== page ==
At the start of my speech, I will say something that I believe will achieve consensus across the chamber: Police Scotland does a fantastic job of keeping us safe and fighting crime, and we owe the police a huge debt of thanks.

The Conservative motion asks Parliament to support

“a higher level of fixed penalty notice for more serious antisocial behaviour.”

However, like John Finnie and Liam McArthur, I am a little puzzled as to the detail of the motion and where the evidence is that a higher level of fixed penalty notice would reduce offending or reoffending.

Liam Kerr advocated doubling the on-the-spot fine from £50 to £100 for more serious offences that are not deemed serious enough to go to court. My questions are: who defines how serious the offences are, and how, if they are not going to court? Is that judgment simply down to the police who are dealing with the incident, and, if so, who would monitor that? Is it not just imposing another responsibility on our hard-working officers?

Of course, I agree that antisocial behaviour is distressing and causes chaos to daily lives and communities. It ranges from neighbours’ disputes to vandalism and everything in between, as Liam Kerr and Daniel Johnson outlined. However, a large proportion of the crimes are committed by young people who may have lost their way or face adversity in deprived communities, and they may not be in a position to pay £50, far less £100. I agree with Daniel Johnson’s comments on that.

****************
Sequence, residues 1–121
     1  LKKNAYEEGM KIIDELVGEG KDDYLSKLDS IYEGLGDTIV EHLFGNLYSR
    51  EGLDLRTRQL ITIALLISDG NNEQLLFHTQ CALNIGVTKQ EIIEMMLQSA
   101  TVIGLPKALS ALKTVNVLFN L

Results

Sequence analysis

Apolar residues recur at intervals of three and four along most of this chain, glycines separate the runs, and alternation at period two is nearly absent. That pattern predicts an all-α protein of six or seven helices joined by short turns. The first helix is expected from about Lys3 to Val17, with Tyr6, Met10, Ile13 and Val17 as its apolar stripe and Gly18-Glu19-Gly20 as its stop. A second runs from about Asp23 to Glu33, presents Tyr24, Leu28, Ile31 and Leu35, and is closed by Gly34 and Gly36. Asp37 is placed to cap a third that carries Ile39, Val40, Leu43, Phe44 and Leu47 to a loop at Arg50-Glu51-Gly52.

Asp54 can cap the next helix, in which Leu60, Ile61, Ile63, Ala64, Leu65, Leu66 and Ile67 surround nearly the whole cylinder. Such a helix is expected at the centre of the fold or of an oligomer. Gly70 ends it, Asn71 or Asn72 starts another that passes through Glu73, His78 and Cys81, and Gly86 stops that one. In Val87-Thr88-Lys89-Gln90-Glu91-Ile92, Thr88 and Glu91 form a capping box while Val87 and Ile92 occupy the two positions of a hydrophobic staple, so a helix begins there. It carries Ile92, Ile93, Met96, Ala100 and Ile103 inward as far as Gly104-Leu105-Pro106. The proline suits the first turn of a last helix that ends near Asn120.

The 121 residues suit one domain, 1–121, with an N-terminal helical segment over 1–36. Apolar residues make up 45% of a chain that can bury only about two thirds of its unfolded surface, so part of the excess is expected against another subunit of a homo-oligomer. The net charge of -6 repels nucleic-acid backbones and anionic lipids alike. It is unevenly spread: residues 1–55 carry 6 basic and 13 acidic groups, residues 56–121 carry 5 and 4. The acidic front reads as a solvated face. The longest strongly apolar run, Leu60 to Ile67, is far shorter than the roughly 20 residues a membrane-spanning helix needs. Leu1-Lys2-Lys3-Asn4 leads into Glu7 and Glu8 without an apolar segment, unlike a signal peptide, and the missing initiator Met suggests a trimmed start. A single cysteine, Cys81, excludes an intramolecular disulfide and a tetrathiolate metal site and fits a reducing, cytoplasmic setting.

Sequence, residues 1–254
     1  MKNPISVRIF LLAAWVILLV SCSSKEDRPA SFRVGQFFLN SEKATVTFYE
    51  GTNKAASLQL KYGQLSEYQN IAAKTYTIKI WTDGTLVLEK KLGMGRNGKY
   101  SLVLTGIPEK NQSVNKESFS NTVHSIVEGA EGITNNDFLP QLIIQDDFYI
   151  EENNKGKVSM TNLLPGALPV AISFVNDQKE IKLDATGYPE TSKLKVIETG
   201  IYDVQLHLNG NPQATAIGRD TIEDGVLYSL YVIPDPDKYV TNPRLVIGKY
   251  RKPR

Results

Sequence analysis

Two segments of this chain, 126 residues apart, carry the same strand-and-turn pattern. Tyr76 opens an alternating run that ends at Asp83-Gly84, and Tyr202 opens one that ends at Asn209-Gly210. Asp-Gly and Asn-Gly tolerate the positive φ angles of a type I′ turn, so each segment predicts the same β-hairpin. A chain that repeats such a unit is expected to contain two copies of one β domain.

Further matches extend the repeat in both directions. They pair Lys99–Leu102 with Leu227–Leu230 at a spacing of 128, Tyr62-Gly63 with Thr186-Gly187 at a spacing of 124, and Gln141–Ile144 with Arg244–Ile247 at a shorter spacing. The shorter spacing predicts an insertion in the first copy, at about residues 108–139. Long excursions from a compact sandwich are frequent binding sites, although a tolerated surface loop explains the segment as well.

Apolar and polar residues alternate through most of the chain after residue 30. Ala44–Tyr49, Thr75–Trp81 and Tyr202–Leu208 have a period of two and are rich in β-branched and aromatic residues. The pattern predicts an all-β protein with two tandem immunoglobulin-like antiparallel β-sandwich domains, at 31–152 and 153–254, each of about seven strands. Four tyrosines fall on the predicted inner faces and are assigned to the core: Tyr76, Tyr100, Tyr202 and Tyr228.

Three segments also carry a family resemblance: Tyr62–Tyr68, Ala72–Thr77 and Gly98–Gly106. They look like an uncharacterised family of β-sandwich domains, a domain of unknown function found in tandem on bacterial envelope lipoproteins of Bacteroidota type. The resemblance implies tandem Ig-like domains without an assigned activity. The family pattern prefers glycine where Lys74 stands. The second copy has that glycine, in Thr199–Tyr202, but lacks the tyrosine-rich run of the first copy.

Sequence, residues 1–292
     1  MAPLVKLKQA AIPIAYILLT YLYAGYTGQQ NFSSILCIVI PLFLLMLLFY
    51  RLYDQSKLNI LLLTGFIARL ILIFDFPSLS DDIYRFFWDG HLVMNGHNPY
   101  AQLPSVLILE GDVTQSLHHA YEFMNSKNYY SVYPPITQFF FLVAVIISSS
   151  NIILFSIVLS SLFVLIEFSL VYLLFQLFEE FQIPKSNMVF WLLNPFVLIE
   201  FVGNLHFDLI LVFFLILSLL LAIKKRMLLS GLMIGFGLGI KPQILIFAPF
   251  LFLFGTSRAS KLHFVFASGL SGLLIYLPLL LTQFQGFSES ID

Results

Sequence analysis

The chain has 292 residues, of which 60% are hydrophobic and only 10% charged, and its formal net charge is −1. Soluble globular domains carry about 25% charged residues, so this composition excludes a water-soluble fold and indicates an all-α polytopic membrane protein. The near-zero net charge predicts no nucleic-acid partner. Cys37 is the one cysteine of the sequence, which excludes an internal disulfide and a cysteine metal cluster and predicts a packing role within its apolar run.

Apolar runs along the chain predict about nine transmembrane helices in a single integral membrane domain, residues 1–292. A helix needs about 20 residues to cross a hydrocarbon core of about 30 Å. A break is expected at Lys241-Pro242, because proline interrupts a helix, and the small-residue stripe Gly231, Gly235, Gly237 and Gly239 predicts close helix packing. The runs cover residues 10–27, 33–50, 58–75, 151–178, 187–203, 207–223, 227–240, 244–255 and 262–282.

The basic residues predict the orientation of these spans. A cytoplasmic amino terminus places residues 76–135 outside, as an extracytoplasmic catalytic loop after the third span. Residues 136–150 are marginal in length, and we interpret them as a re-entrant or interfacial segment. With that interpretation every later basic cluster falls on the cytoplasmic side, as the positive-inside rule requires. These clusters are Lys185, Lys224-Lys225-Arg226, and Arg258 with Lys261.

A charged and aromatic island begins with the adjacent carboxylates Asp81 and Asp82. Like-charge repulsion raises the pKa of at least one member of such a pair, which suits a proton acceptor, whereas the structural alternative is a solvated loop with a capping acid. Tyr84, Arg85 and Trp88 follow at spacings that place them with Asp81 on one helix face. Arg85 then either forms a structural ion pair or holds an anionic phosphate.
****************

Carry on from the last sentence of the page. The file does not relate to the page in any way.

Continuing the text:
Having said that, the figures that were released today by the Howard League Scotland indicate that the number of young people becoming involved in the justice system is reducing, not just in Scotland but globally, which is very welcome news.

I believe that early intervention, starting with education in school, is one way to reduce antisocial behaviour. So, too, is a change to a culture of respect among adults, encouraging them to stop and look at the selfish ways in which they behave and how they upset people. If we attempt to find out why people—adults or children—act in that way, it may help us to reduce instances of antisocial behaviour.

Does Rona Mackay think it is acceptable that SNP-run Glasgow City Council’s latest antisocial behaviour strategy is dated 2005-08?

The figures must speak for themselves. The initiatives that were outlined by the minister show that we are tackling the causes of antisocial behaviour. I am not sure that the point was entirely relevant.

Fixed-penalty notices are important, but they are just part of a wider range of powers and initiatives to tackle antisocial behaviour. I am pleased to say that, in East Dunbartonshire, in my constituency, unlike in Liam Kerr’s constituency, crime is down right across the board, with the number of reports of antisocial behaviour down 4 per cent from last year. I hope that that trend continues, and I commend the work that is being done by our local officers.